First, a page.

The CFPB’s lawsuit says the bank encouraged its employees to drive up sales using compensation incentives and they opened unauthorized accounts.
The Consumer Financial Protection Bureau has filed a lawsuit against Fifth Third Bank, alleging that it opened unauthorized credit card accounts, among other things.
Responding to the CFPB allegations, Fifth Third said in a media release, “The allegations in the civil lawsuit brought by the CFPB against Fifth Third are unsubstantiated, based on limited, non-systemic and remediated events, and reflect misunderstandings of our products, services, and work culture.”
See related: Consumer groups say CFPB rules for abusive practices will limit enforcement
The bank engaged in cross-selling its products, a strategy of selling its other products or services to customers who had signed up for different products or services, according to the CFPB. This practice went on for years, from at least 2010 through 2016. Even though the bank knew its employees were opening unauthorized financial accounts, it continued to turn a blind eye.
Fifth Third employees were provided an incentive for new sales, the CFPB says. The bank based employee performance ratings on their meeting sales targets, and at times even made this a condition of their continued employment with Fifth Third.
According to the CFPB, “Reasonable sales goals and performance incentives are not inherently harmful. But when such programs are not carefully and properly implemented and monitored, they may create incentives for employees to engage in misconduct in order to meet goals or earn additional compensation.”
According to Fifth Third, just 0.01% of the accounts opened between 2010 and 2016 were unauthorized. This means “there is no evidence of systemic misconduct.”
See related: Supreme Court to hear case that threatens CFPB independence
Unauthorized credit card accounts
The bank put in big sales goals for its employees to sell credit cards, and also provided incentives to them for these sales. During the period of 2008 through at least 2016, CFPB finds the bank issued cards that customers did not authorize. By 2009 or earlier, the bank was aware of “a spike in unauthorized credit cards” issued to customers. Even then, the bank did not address the issue.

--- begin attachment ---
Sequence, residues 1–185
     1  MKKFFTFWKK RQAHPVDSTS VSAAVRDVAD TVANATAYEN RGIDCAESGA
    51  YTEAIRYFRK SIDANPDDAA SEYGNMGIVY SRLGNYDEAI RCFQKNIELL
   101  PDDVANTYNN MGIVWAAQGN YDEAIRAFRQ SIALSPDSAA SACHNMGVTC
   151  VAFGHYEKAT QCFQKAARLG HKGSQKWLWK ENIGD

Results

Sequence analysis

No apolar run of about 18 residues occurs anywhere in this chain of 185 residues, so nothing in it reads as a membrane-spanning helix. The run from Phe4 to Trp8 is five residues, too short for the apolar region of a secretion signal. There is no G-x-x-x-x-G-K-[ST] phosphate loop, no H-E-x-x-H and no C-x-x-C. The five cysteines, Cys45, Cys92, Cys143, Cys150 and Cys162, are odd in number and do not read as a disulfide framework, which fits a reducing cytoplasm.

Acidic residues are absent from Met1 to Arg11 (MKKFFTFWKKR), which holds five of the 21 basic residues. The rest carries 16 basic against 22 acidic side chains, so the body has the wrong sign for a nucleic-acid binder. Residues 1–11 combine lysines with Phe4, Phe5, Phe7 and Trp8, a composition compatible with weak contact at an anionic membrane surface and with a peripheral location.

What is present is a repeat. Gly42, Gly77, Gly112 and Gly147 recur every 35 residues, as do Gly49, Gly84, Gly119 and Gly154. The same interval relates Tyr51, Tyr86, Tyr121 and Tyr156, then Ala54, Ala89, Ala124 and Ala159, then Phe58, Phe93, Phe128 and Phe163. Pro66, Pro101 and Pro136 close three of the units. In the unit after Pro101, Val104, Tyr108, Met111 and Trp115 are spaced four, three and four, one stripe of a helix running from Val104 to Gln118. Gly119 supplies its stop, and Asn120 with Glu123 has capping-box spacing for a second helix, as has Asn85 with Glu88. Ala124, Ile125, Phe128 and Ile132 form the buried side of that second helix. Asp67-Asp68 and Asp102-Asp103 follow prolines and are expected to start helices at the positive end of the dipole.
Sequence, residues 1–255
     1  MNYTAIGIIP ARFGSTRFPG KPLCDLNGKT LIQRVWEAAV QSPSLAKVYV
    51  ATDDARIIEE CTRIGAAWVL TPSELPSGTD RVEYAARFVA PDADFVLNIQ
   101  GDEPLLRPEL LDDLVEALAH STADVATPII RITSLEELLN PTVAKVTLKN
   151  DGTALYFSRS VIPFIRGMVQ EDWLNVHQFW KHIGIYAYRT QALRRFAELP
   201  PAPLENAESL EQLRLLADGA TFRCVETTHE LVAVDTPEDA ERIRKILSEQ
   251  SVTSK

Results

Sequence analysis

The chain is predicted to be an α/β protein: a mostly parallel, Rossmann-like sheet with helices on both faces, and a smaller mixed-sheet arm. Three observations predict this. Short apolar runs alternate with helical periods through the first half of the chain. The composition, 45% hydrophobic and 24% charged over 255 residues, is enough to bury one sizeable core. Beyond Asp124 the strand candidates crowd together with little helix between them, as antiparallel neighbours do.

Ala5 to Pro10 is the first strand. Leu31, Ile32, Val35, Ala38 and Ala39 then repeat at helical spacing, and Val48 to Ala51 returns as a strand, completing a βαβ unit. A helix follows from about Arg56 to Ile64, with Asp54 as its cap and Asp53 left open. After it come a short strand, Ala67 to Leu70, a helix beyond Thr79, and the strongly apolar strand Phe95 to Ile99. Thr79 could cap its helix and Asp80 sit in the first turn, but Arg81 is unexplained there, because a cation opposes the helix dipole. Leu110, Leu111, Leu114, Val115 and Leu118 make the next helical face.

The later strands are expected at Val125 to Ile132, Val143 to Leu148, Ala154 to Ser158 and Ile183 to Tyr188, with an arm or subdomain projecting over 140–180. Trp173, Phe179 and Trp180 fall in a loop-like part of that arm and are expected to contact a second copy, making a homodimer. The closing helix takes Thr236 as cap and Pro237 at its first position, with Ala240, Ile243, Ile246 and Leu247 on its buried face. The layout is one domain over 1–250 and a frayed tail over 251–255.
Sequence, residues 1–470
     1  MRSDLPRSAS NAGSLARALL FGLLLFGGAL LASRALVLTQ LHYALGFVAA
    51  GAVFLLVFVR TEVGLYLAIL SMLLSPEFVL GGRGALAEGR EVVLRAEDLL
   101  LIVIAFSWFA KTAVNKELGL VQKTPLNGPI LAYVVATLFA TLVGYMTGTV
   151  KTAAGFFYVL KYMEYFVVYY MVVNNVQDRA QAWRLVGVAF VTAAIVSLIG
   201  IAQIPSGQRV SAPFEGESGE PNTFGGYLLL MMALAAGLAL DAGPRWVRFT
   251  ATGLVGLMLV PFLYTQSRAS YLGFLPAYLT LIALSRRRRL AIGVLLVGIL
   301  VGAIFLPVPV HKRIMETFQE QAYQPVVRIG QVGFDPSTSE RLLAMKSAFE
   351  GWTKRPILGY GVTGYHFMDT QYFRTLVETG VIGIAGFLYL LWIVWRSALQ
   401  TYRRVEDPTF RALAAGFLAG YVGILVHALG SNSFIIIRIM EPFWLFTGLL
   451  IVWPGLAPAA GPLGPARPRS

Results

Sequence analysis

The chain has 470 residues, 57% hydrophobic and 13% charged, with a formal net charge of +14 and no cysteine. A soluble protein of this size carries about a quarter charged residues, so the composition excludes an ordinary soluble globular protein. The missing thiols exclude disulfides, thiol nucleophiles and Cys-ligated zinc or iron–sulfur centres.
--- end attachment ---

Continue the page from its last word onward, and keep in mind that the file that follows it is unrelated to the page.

As a result of this practice, consumers were likely to incur “unjustified fees” for the cards, and also see a negative impact on their information sent to credit reporting agencies.
Consumers are not able to avoid fees for cards they do not know have been issued. There was no benefit to consumers as a result of this practice that outweighed these negative effects.
In its response, Fifth Third said just because credit cards were not used, it doesn’t mean they were not authorized. Also, the bank says it does not charge fees on most of its credit cards.
See related: How to dispute and fix credit report errors
Remedies for customers
The CFPB asks that Fifth Third be ordered to stop opening unauthorized accounts. It should also identify affected customers and allow them to close the involved accounts without any fees or penalties. Additionally, the agency wants the bank to correct any harmful information it has provided to credit reporting bureaus.
The consumer protection agency would like Fifth Third to pay “damages, restitution and other monetary relief” to consumers, and pay “disgorgement or compensation for unjust enrichment.” It is also asking the court to levy a monetary penalty on the bank and make it bear the costs of bringing the case against it.
Other banks have also been implicated for opening unauthorized accounts. Wells Fargo has been penalized by the government for such practices. More recently, American Express has been in the news for dubious sales tactics in signing up small-business owners to its Amex cards.